HIV-Specific CAR T Cells with CD28 or 4-1BB Signaling Domains Are Phenotypically and Functionally Distinct and Effective at Suppressing HIV and Simian Immunodeficiency Virus

Emily K. Cartwright, Mary S. Pampusch, Aaron K. Rendahl, Edward A. Berger, Natalie Coleman-Fuller, Pamela J. Skinner
2022 ImmunoHorizons  
Despite mounting a robust antiviral CD8 T cell response to HIV infection, most infected individuals are unable to control HIV viral load without antiretroviral therapy (ART). Chimeric Ag receptor (CAR) T cell treatment is under intensive investigation as an alternative therapy for ART-free remission of chronic HIV infection. However, achieving durable remission of HIV will require a successful balance between CAR T cell effector function and persistence. CAR T cells with CD28 costimulatory
more » ... ns have robust effector function but limited persistence in vivo, whereas CAR T cells with 4-1BB costimulatory domains present a more undifferentiated phenotype and greater in vivo persistence. We compared the in vitro phenotype and function of rhesus macaque and human CAR T cells that contained either the CD28 or 4-1BB costimulatory domain; both constructs also included CARs that are bispecific for gp120 of HIV or SIV and the CXCR5 moiety to promote in vivo homing of CAR/CXCR5 T cells to B cell follicles. Cells were transduced using a gammaretroviral vector and evaluated using flow cytometry. 4-1BB-CAR/CXCR5 T cells were phenotypically distinct from CD28-CAR/CXCR5 T cells and showed increased expression of CAR and CD95. Importantly, both CD28- and 4-1BB-CAR/CXCR5 T cells retained equal capacity to recognize and suppress SIV in vitro. These studies provide new insights into rhesus macaque and human 4-1BB- and CD28-bearing CAR T cells.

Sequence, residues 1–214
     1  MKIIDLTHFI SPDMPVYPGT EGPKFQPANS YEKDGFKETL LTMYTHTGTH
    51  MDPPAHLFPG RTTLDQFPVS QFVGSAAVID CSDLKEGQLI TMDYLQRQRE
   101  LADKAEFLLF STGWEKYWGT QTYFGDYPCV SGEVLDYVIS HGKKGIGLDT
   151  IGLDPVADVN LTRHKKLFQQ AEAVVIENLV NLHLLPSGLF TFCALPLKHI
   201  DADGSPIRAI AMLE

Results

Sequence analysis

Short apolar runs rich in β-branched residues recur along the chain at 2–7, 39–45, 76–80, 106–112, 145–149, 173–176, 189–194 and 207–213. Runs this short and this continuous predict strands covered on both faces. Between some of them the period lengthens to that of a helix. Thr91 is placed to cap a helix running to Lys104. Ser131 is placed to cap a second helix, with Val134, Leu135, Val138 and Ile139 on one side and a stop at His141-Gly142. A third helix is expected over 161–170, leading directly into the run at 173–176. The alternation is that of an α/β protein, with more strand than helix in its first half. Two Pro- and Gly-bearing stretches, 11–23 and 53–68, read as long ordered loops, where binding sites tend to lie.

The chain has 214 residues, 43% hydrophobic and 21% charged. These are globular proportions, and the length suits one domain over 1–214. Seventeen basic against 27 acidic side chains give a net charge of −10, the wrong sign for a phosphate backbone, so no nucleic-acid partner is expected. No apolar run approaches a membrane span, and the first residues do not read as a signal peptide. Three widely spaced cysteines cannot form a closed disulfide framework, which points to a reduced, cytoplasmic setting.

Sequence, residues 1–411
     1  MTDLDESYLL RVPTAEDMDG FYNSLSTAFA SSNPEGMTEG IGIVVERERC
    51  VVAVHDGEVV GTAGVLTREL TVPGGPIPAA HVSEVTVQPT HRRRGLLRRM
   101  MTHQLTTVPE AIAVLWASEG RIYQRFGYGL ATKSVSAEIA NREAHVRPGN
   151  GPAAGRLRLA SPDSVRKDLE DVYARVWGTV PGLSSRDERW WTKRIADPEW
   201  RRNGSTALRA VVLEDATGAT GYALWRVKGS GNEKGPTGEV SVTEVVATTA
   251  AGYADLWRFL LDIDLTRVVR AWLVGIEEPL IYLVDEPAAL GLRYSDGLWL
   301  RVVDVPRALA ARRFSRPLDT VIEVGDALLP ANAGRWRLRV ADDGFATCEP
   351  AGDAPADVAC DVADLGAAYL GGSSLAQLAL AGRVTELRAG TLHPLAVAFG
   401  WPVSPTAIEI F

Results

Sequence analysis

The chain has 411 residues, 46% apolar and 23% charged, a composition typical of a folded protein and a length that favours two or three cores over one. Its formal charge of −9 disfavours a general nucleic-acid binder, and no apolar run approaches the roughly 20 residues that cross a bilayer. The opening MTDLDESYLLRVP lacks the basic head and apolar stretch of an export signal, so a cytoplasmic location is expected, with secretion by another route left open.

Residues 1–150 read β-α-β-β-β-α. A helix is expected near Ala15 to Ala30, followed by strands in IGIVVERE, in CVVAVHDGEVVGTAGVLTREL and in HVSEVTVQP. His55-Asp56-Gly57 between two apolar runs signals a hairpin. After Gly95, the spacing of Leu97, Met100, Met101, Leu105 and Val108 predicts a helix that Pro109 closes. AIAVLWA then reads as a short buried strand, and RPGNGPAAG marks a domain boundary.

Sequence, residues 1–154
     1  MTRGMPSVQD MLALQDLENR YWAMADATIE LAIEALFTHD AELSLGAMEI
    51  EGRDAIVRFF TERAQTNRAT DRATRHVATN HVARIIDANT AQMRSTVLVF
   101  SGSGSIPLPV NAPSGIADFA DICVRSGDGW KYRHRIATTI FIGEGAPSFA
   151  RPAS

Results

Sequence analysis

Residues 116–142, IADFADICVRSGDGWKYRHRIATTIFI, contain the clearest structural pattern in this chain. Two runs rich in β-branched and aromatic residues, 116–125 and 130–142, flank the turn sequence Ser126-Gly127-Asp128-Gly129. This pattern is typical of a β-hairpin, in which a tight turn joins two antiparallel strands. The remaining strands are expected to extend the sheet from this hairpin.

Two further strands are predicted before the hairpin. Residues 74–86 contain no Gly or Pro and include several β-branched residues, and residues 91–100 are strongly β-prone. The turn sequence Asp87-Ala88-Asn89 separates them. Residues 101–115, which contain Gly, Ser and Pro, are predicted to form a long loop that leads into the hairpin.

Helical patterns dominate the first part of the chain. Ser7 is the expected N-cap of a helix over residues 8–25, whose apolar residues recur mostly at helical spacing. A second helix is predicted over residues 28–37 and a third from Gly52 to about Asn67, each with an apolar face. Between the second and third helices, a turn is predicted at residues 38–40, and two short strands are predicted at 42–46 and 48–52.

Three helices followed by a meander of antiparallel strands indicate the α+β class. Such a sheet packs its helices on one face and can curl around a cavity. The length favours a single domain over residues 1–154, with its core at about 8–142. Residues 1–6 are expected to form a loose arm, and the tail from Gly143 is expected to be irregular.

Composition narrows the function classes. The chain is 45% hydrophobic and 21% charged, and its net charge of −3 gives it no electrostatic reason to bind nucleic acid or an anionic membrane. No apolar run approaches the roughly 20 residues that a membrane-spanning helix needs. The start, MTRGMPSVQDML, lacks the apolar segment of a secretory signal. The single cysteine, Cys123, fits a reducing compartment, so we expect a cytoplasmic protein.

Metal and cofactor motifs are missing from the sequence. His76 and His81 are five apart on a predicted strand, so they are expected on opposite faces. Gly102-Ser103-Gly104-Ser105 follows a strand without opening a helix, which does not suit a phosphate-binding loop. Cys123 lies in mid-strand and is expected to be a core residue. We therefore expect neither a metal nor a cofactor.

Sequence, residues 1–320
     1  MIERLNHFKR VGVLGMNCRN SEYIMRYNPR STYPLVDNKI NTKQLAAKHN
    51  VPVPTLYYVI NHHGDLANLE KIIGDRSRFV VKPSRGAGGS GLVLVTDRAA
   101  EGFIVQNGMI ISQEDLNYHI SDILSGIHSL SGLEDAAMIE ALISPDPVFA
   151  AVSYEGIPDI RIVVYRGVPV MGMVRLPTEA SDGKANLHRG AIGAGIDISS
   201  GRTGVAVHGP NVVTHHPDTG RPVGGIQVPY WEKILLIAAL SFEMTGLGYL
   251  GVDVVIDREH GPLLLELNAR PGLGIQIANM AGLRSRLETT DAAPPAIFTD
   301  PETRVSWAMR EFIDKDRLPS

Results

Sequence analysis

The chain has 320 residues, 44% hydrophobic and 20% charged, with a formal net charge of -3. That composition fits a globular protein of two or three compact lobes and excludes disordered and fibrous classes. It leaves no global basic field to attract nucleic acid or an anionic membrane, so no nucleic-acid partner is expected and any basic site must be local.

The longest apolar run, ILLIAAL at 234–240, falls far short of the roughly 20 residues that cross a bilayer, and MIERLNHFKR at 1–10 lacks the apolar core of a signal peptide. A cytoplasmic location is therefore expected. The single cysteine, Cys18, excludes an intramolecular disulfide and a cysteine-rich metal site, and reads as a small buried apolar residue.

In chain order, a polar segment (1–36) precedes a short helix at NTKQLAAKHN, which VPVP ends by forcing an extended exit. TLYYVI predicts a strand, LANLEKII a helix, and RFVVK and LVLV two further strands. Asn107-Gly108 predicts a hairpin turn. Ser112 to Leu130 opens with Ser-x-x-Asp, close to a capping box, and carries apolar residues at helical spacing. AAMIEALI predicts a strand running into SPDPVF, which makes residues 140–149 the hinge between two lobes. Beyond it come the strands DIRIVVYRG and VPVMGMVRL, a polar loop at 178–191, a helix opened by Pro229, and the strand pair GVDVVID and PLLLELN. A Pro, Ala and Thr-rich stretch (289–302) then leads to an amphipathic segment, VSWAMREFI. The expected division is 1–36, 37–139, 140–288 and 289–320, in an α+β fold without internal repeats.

doi:10.4049/immunohorizons.2200073 pmid:36220186 fatcat:xiqoilb65zaqxielsg6vtnvcza